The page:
Note that after 120 weeks of stopping treatment with Ozempic, participants regained 67% of the weight they lost. This result is still very positive, especially compared to other weight loss methods.

Drug safety

Given the similarity of the drugs, it is possible to infer the safety profile of Mounjaro, which is still under investigation, from the already well-established standard of Ozempic, which has been studied for a longer period. Dr. Glaucia Carneiro, Professor of Endocrinology and Head of the Obesity Group at Univisp, said that “clinical studies have shown tolerability and safety consistent” with the general class of these drugs.

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study Natural medicine, who evaluated the safety of semaglutide by following participants for two years, noted that gastrointestinal adverse events are “mostly mild to moderate.” While 5.9% of participants withdrew from the study after reporting adverse events, the number was similar to 4.6% of those who withdrew from taking placebo for the same reason. Since a placebo cannot cause these events, this indicates that the drug is completely safe.

Nausea, diarrhea, vomiting, or constipation were reported more in the drug group than in the placebo group, but the difference was not significant and these effects were generally transient and mild. There was no case of inflammation of the pancreas, which is the organ that is supposed to be affected by the mechanisms of action. The most serious events observed were gallbladder disease and malignancy. However, while gallbladder problems occurred more frequently in the group taking Ozempic, cancer was more common in the placebo group. The main limitation of the study was the small number of subjects involved: 152 in the treatment group and 152 in the placebo group.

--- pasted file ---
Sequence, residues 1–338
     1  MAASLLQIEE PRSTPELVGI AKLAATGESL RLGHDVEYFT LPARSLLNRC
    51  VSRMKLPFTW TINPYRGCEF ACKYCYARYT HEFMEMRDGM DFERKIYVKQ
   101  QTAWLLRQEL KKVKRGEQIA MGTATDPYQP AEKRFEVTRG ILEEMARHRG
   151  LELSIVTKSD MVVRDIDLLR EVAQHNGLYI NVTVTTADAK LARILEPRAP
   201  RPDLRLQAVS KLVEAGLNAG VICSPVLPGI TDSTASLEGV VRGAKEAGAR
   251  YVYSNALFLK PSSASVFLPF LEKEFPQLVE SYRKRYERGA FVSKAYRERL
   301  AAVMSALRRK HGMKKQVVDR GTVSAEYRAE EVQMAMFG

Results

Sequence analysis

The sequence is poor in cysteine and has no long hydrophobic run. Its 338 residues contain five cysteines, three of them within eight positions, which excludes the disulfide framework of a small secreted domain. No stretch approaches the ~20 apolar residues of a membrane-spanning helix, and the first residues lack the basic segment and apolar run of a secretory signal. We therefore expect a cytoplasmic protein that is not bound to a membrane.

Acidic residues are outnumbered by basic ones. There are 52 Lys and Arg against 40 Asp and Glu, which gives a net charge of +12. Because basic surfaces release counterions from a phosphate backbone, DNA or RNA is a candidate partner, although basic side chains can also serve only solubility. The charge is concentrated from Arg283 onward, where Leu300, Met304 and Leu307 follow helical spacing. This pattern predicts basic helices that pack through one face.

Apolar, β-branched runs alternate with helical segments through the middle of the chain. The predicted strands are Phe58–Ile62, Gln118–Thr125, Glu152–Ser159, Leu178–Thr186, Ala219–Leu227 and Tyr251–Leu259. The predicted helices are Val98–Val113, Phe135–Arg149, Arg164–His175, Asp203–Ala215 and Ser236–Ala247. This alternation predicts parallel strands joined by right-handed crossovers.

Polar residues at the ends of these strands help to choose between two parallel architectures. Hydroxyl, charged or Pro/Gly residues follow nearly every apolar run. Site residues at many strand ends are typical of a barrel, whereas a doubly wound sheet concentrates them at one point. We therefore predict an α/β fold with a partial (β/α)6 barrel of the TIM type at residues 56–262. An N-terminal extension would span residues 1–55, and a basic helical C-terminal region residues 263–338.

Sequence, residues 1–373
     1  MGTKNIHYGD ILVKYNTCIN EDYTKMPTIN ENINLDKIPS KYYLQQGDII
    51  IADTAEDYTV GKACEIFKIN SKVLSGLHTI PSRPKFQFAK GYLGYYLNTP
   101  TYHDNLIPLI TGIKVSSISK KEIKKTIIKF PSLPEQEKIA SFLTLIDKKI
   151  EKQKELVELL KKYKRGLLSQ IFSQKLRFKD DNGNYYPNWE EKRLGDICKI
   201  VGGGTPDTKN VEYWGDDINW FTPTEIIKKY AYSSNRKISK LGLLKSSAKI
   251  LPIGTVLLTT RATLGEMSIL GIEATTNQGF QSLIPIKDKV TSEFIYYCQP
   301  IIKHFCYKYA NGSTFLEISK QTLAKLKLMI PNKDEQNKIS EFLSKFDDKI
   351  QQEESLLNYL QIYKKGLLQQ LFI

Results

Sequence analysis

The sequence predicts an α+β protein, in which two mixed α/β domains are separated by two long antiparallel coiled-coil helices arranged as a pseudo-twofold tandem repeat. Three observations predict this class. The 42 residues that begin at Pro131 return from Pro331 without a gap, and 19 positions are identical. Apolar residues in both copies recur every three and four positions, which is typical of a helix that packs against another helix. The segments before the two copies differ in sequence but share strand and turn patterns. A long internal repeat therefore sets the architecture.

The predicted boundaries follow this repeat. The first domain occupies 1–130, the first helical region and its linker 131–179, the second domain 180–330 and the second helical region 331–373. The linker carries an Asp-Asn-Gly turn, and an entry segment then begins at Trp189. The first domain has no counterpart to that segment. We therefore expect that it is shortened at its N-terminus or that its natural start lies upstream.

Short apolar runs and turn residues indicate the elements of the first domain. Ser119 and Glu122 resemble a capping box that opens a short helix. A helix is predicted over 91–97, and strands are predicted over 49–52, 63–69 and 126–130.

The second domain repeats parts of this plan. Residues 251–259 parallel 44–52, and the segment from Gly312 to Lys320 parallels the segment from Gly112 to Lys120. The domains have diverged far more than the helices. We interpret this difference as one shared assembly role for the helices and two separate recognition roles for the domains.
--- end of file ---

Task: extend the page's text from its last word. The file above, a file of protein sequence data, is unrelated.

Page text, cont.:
Surprising effects on addicts

Carneiro notes that there is an interesting effect of these drugs: “Some patients who use the drug report a loss of interest in addictive and compulsive behaviors, such as drinking alcohol, smoking, shopping, biting their nails, and biting their skin.” It is as if the satiety produced by the hormones secreted by the digestive system, and imitated by medications, is a general satiety, not limited to food.

The expert believes that these effects, which have not yet been confirmed, are related to the dopamine and reward system in the brain. “The studies are preliminary and more scientific evidence is needed,” she explains. His opinion regarding the aesthetic application is that because of the safety of the drugs, “they should be approved soon to help treat obese and non-diabetic individuals in Brazil.”

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Carneiro agrees with Chakra: “It has brought about a real revolution in the treatment of obesity, which is a chronic disease and must be treated as such.” The endocrinologist said that the baseline weight loss rate for non-diabetic participants in a particular study was 22.1%, “a result that has not been achieved with any existing treatment to date.” For severe obesity, and for patients who do not respond well to Monjaro, she believes that bariatric surgery will continue to be an important treatment and that it is not exclusive, as medications in this category can help the person who has the surgery maintain a low weight. . “The treatments will be synergistic,” he concludes.

“Obesity is an epidemic, but the health system takes priority over other diseases, and it will not be able to bear the costs” of medicines, Chakra says. He believes that women who want to become pregnant and are of childbearing age should avoid Ozempic and Mongaro, due to the lack of specific safety tests on them and their natural effect on the pregnant woman’s appetite.